And now, the “glitches”…. Service was generally very good, but there was something lacking giving the rather high price of the resort and the exclusive reputation. The resort can hold a maximum of 100 guests, but I never got the feeling that any of the staff (beyond Maxine, that is) even knew our names. There was just no personal touch. I compare this to the Concierge-level service at a Ritz Carlton (which comes out similarly priced), where we were immediately made to feel totally at home. We had phoned the resort prior to arriving to warn them about my daughter’s shellfish allergy, and we were assured that all restaurants would be alerted. This didn’t happen and we had to remind everyone at virtually every meal to help us with food precautions for her. At one point, a different waitress at Tradewinds (not Maxine!) didn’t seem to even comprehend what I was requesting, and I had to ask to speak to the chef (who was very understanding as well as a fantastic chef!) This exemplifies some of the problem…many members of the staff do not speak English as well as some of the others. I am usually good with accents and gently making myself understood (I try not to be a stereotypical American tourist!), but there were times I just couldn’t get through. Some of the other glitches (and they were minor) relate to this, I think. We had ordered drinks to be delivered to us at the sunset lookout point, but the message did not get through. We had lunch packed for the deep-sea fishing expedition, but while there were four full set-ups with pasta salad and fruit, there was no cutlery, and two of four sandwiches never made it to the lunch bag.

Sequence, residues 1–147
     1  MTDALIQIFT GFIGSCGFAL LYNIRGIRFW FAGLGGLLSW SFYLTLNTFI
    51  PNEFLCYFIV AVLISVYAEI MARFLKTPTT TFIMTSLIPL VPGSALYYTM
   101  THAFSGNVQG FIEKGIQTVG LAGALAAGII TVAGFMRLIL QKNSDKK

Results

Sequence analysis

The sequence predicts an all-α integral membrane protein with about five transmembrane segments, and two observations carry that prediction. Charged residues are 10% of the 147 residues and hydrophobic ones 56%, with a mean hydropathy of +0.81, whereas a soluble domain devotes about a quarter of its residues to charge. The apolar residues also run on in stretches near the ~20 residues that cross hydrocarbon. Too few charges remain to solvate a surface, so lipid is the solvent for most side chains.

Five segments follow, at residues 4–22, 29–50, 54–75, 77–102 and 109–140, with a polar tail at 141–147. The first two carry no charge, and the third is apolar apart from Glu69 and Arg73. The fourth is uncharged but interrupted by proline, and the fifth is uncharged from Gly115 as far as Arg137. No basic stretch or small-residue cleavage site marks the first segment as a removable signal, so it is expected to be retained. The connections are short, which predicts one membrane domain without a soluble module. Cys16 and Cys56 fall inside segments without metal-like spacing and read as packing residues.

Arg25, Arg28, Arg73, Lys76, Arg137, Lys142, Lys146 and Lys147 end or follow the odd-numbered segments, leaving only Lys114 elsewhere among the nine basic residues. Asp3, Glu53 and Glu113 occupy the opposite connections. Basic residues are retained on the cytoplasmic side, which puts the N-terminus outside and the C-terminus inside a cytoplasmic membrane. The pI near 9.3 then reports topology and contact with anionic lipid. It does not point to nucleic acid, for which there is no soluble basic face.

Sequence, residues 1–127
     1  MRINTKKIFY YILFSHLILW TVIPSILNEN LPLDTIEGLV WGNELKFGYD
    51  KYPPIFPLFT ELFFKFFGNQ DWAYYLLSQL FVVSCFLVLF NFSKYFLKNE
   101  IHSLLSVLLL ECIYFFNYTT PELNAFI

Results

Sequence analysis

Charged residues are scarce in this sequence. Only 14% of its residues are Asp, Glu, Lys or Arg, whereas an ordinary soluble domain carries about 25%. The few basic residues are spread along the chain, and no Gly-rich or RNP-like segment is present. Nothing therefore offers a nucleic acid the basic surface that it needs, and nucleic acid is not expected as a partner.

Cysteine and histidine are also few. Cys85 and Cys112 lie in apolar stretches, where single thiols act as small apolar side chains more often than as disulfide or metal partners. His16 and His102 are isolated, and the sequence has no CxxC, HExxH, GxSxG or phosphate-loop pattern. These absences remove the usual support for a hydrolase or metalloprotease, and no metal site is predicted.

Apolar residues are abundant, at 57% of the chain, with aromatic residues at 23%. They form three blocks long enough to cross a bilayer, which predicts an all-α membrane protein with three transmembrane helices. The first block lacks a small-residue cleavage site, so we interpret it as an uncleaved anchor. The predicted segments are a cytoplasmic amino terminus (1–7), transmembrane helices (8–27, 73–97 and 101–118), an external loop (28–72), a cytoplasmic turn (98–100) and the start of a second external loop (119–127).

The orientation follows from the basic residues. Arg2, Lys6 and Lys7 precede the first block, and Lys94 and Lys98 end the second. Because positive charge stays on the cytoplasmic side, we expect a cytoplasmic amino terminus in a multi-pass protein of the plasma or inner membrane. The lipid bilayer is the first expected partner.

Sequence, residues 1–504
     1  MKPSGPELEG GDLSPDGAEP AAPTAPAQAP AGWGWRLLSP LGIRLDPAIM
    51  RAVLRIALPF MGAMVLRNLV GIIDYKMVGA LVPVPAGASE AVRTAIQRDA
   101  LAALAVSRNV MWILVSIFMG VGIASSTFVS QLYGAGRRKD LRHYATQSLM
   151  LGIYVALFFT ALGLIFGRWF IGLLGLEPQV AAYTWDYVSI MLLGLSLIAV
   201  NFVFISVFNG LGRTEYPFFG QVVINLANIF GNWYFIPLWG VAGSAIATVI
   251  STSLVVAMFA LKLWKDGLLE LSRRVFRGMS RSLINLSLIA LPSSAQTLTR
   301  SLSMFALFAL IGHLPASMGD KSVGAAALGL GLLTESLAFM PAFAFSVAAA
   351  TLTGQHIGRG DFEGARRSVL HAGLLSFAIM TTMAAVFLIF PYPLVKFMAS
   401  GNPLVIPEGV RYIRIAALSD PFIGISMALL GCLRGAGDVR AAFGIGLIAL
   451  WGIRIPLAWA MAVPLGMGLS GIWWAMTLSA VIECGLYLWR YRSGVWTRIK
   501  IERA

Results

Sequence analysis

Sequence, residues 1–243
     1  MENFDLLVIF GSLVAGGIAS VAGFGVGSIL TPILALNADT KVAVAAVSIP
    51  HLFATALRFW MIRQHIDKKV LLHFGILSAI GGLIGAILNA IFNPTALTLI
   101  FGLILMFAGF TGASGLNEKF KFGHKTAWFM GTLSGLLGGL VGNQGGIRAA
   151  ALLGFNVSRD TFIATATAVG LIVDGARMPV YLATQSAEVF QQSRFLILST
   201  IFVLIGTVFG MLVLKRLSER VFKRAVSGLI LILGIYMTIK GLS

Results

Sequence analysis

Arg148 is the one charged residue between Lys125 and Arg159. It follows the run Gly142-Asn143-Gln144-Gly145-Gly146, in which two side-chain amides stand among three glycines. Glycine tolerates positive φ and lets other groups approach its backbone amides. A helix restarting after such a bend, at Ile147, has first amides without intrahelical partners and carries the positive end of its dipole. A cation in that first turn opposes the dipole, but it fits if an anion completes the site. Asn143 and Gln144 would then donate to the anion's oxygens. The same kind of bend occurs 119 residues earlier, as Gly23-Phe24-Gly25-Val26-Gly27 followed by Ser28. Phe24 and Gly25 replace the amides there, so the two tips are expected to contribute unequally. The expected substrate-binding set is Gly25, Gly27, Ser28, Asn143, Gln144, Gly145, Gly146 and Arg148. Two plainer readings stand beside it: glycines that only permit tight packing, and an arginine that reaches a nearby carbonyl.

Peter Island is a haven for yachters, and they were all over the place, some with children that were, ummmm, less well-behaved than the resort guests. They would crowd the bar at lunchtime. This was, however, a minor irritation.
Perhaps the most disappointing, or maybe just annoying, problem involved the attitude of the entire resort about the Spa. It is a beautiful building, but the services are very pricey, and you can’t go in if you don’t purchase a massage or some such thing. I was not going to spend $130 or so for my 10 year old to get a massage. The VERY WORST part of all this is that the spa has taken over Big Reef Bay, one of the most picturesque beaches on Peter Island, and those of us not using the spa are not allowed. Frankly, this might violate the laws of the British Virgin Islands, which declare all beaches public. Spa personel were minimally apologetic when tellling us we could not walk on the beach, and frankly the attitude left us with a rather bitter taste overall. I would urge the management (Sandra and Tom) in the strongest possible terms to reverse this policy. I don’t know who they are trying to appeal to with this resort within a resort mentality, but it is generally not a good idea to shove aside part of your clientelle to appeal to a smaller subsegment.
So, the Peter Island experience is a good one, though with a few glitches. Some are just part of a Caribbean vacation. I prefered Peter Island to Caneel Bay, although my wife feels the opposite. It is definately more upscale than Bitter End, and has overall better service. We will probably try some other resorts, such as Little Dix, but I do expect to return to Peter Island someday.